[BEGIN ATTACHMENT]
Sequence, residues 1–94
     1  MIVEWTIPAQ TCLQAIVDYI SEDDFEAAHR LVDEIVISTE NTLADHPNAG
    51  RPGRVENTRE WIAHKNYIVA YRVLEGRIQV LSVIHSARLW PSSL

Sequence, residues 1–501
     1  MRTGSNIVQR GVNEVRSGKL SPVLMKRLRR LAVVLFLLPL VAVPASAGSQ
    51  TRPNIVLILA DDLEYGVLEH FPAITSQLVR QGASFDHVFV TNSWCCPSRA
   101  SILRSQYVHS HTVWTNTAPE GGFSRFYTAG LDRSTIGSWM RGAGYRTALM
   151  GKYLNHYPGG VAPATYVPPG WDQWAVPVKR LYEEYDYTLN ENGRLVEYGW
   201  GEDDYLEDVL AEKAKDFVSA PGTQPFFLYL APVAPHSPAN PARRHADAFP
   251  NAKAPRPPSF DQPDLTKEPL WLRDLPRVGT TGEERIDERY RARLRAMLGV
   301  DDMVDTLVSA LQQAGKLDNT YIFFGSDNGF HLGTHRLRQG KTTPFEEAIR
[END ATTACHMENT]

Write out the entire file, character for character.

Sequence, residues 1–94
     1  MIVEWTIPAQ TCLQAIVDYI SEDDFEAAHR LVDEIVISTE NTLADHPNAG
    51  RPGRVENTRE WIAHKNYIVA YRVLEGRIQV LSVIHSARLW PSSL

Sequence, residues 1–501
     1  MRTGSNIVQR GVNEVRSGKL SPVLMKRLRR LAVVLFLLPL VAVPASAGSQ
    51  TRPNIVLILA DDLEYGVLEH FPAITSQLVR QGASFDHVFV TNSWCCPSRA
   101  SILRSQYVHS HTVWTNTAPE GGFSRFYTAG LDRSTIGSWM RGAGYRTALM
   151  GKYLNHYPGG VAPATYVPPG WDQWAVPVKR LYEEYDYTLN ENGRLVEYGW
   201  GEDDYLEDVL AEKAKDFVSA PGTQPFFLYL APVAPHSPAN PARRHADAFP
   251  NAKAPRPPSF DQPDLTKEPL WLRDLPRVGT TGEERIDERY RARLRAMLGV
   301  DDMVDTLVSA LQQAGKLDNT YIFFGSDNGF HLGTHRLRQG KTTPFEEAIR